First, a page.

A Brief History of Accounting
Accounting is involved in the recording, analyzing, classifying and interpreting of the financial affairs of a business. Accounting is a science that is involved in the recording, monitoring and assessment of the financial affairs of a business at any time. Accounting was developed in ancient times. The system we have today arose from that ancient development. We know that previous communities kept primitive records by way of drawings on rocks or caves or cutting into trees.
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Later on these records were put onto stone and paper which were a lot easier to use and had a longer life. One of the first editions of complete documentation about how to keep books of accounting was written by a professor of mathematics in Rome. This documentation described the double-entry system of accounting which was used by the Venetian merchants. It was adopted and still used today around the world. Luca Pacioli was the man who invented double-entry accounting around 1494.
This form of double-entry accounting is sometimes known as Italian accounting because it is called after the Venetian people that developed and used it hundreds of years ago. Since that time, accounting has become far more complex and sophisticated but the principle of double-entry that arose from that initial development has never changed. SOCIAL RESPONSIBILITIES OF MANAGEMENT To be truly effective, organizations should interact with their external environment.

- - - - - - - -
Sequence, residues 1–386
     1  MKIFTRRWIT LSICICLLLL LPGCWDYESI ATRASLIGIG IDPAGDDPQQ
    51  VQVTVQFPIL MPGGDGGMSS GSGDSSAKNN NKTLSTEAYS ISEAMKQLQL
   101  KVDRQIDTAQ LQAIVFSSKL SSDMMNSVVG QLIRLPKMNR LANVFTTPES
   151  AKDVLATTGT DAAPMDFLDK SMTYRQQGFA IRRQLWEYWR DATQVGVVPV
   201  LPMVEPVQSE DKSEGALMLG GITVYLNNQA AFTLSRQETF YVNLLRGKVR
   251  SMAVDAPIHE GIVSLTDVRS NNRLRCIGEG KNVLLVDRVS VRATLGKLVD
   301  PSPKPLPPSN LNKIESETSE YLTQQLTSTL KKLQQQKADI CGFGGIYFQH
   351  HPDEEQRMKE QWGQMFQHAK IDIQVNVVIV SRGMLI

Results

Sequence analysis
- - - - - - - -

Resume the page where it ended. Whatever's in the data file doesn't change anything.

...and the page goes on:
The external environment can be divided into the general or mega environment and the specific task environment. Social responsibility refers to the obligation of a business firm to enhance the condition of society along with its own interests. Business firms are accountable to six major stakeholder groups: shareholders, employees, customers, creditors and suppliers, society and the government. Social responsiveness refers to the ability of a firm to implement policies and take part in activities that would benefit both society and the firm.
The following categories are generally considered when measuring social responsiveness: contributions, fund-raising, volunteerism, recycling, diversity policies, direct corporate investment, quality of work life, attention to consumers and pollution control. The need to measure social responsiveness led to the development of social audits. Social audits are of two types – audits required by the government and voluntary audits. Although social audits are not legally mandatory, many organizations make social involvement disclosures in their annual reports. This shows the growing concern among major firms about their social responsibility.